INDIANAPOLIS — An Indiana soldier who was declared dead following World War II has been accounted for.
Leonard Adams of Dana, Indiana in Vermillion County was 25 years old when he was killed during World War II.
According to the Defense POW/MIA Accounting Agency (DPAA), in January 1945, Adams was assigned to Headquarters Company, 3rd Battalion, 157th Infantry Regiment, 45th Infantry Division. Elements of the unit were supporting five companies attempting to secure terrain near Reipertswiller, France, when they were surrounded by German forces while being pounded by artillery and mortar fire.
The surrounded companies were given the order to attempt a break-out on Jan. 20, but only two men made it through German lines. The rest were either captured or killed.
Adams was among those killed, but his body could not be recovered because of the fighting.
Beginning in 1946, the American Graves Registration Command (AGRC), the organization that searched for and recovered fallen American personnel in the European Theater, searched the area around Reipertswiller, finding 37 unidentified sets of American remains, but it was unable to identify any of them as Adams. He was declared non-recoverable on May 4, 1951.
In July 2021, work was done by DPAA historians and scientists to determine Adams as one of the unknown bodies recovered and buried in Belgium at the American Battle Commission site.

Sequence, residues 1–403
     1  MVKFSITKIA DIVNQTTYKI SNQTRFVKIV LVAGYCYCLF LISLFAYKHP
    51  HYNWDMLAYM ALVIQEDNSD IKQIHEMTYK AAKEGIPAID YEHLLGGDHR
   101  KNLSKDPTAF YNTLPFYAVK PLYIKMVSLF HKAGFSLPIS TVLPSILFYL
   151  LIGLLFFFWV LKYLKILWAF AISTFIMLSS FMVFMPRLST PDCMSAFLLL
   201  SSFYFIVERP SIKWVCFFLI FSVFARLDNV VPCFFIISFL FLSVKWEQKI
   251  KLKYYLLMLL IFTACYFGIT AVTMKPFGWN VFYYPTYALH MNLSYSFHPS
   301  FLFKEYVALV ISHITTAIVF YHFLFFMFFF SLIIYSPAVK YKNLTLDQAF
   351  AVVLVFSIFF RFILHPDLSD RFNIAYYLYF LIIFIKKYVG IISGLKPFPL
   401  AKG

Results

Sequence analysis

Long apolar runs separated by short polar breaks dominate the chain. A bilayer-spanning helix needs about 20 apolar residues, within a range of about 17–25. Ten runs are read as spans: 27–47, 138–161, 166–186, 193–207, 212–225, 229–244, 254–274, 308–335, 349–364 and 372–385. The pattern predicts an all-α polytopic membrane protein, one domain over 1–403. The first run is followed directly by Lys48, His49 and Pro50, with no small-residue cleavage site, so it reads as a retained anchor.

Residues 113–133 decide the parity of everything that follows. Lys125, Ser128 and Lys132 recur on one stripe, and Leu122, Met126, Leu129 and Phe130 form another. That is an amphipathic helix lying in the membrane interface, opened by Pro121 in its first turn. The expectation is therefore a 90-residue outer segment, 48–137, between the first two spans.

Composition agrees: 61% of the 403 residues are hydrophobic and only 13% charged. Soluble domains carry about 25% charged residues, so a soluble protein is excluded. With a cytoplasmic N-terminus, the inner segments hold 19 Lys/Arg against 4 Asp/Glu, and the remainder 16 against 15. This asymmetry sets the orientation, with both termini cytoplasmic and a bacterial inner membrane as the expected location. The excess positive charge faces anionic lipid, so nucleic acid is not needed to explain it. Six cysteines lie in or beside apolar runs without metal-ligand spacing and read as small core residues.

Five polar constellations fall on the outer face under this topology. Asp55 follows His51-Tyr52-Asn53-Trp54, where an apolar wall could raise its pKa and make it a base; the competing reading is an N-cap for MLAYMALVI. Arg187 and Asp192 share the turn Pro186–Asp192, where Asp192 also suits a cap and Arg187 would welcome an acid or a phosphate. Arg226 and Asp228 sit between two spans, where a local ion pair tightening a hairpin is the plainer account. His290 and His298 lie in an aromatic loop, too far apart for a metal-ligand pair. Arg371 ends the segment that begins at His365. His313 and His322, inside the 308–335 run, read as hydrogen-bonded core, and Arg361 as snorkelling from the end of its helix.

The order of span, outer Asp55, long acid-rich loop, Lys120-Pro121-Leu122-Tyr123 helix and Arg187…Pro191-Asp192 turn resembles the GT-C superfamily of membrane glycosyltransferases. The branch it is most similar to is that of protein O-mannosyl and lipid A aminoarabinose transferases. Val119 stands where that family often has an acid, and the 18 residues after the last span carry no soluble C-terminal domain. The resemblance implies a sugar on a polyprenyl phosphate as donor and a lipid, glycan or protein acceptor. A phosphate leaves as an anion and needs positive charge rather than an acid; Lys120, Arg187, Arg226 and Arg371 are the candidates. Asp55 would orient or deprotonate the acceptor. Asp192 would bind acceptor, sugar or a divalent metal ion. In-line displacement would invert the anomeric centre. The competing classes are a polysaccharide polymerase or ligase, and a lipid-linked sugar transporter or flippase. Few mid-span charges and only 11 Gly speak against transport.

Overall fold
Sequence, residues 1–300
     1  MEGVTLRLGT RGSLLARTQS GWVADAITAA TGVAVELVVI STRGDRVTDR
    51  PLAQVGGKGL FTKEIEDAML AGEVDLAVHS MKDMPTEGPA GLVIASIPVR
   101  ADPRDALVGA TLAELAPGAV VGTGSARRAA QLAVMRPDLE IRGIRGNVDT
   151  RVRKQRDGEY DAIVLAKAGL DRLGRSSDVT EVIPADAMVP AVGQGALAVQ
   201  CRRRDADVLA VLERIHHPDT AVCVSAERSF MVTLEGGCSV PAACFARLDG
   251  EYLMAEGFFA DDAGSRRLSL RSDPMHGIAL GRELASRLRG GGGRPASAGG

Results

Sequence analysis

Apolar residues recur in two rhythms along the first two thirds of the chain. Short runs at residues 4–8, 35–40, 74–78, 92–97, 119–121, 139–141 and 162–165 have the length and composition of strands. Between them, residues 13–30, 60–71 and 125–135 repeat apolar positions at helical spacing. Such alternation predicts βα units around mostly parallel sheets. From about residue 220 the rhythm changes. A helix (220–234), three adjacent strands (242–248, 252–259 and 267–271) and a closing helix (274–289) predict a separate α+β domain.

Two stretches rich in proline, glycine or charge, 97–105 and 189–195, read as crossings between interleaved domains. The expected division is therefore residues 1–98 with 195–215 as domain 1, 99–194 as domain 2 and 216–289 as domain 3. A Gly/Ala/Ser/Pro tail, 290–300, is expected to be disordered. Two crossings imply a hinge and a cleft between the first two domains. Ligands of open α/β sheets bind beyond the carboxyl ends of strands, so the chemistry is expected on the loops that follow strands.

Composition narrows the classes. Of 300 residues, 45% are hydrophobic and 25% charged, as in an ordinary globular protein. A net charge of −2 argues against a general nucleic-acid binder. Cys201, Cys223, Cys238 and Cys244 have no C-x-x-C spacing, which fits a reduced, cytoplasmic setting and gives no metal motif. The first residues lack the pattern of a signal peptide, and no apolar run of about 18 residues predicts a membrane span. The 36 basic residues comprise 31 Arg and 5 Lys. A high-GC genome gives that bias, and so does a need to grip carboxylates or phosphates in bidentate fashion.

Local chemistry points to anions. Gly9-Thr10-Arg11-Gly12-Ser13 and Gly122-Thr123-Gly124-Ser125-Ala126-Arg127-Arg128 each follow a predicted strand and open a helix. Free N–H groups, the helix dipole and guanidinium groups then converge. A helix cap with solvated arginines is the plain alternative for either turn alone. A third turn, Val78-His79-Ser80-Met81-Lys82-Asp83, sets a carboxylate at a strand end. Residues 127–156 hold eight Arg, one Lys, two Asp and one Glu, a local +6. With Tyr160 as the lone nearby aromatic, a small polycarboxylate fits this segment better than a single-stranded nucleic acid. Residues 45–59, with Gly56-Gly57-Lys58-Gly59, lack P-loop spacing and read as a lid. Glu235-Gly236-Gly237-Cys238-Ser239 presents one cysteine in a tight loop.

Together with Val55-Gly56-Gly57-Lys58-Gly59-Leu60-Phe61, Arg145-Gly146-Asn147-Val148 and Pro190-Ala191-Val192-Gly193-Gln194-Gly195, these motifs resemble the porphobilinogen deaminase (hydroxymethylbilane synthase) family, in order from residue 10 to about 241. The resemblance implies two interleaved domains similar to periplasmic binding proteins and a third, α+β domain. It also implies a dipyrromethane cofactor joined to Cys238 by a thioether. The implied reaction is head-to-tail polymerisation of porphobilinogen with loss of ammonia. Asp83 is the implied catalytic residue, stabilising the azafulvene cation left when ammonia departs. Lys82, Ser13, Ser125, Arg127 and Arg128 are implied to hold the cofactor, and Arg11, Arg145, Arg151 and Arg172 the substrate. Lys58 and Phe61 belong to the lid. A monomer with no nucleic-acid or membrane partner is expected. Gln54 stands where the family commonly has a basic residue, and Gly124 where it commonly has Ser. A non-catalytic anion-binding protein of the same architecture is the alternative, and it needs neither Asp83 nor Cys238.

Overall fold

To identify Adams’ remains, scientists from DPAA used dental and anthropological analysis, as well as circumstantial evidence. Additionally, scientists from the Armed Forces Medical Examiner System used mitochondrial DNA (mtDNA) analysis.
Adams’ name is recorded on the Walls of the Missing at Epinal American Cemetery, an American Battle Monuments Commission site in Dinozé, France, along with others still missing from WWII.
A rosette will be placed next to his name to indicate he has been accounted for.
His family was recently notified. He will be buried in Radcliff, Kentucky on a date to be determined.
According to newspaper clippings from the 1940s, Adams lived in Indianapolis for two or three years before entering the service. He worked for the Lukas-Harold Corporation.